The testimony as to the market value of the Cambridge estate was widely variant, and the views of the different experts were wholly irreconcilable. Thurston, one of the defendant's witnesses, testified that he bought this property for $12,500 and sold it for $14,500, but that its value was only $6,000. Considering all the testimony together in the light of the circumstances reported by the master, and giving full weight to the defendant's elaborate argument, we cannot say that his valuation of the estate was erroneous, although it may be that if he had found a smaller amount, we could not have disturbed such a result. It might have been contended that the defendant should have been charged with the value of the property at the time of his selling it rather than at the date of bringing the bill; but neither party has made any point as to this, and we do not consider the question.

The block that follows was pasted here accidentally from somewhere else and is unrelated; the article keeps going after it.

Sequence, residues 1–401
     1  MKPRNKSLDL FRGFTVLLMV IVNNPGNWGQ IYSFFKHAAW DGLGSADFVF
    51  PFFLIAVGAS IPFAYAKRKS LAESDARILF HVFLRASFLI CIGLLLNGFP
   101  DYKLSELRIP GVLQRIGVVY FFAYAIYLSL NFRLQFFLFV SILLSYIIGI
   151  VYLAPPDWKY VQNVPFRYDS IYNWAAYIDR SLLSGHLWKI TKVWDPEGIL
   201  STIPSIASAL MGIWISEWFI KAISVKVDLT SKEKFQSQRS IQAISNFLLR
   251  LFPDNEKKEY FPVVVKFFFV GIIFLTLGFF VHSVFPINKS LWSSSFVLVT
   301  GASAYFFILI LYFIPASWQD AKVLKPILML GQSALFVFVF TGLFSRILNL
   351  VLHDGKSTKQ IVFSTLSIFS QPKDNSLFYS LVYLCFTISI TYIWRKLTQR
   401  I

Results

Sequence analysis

The defendant also has appealed from an order of the Superior Court denying his motion, made after the final decree had been entered and appealed from, that the plaintiff's schedules in bankruptcy be reported to the court. In view of the fact that the defendant had, by the report itself, the full benefit of any argument he could base upon the contents of those papers, we think that it was a wise exercise of the discretion of the court to deny this motion.

We have now considered all the questions which have been argued by the defendant, and the result is that his exceptions to the master's report must be overruled and the decrees of the Superior Court which have been appealed from affirmed; and it is

So ordered.


[Note p464] In January, 1902, immediately after the conveyance from the plaintiff to the defendant, the defendant took possession of the Quincy property, caused the prior mortgage to be foreclosed, and purchased the property at the foreclosure sale on August 9, 1902, by paying $500, the amount of the mortgage, and 965 for interest and expenses of foreclosure.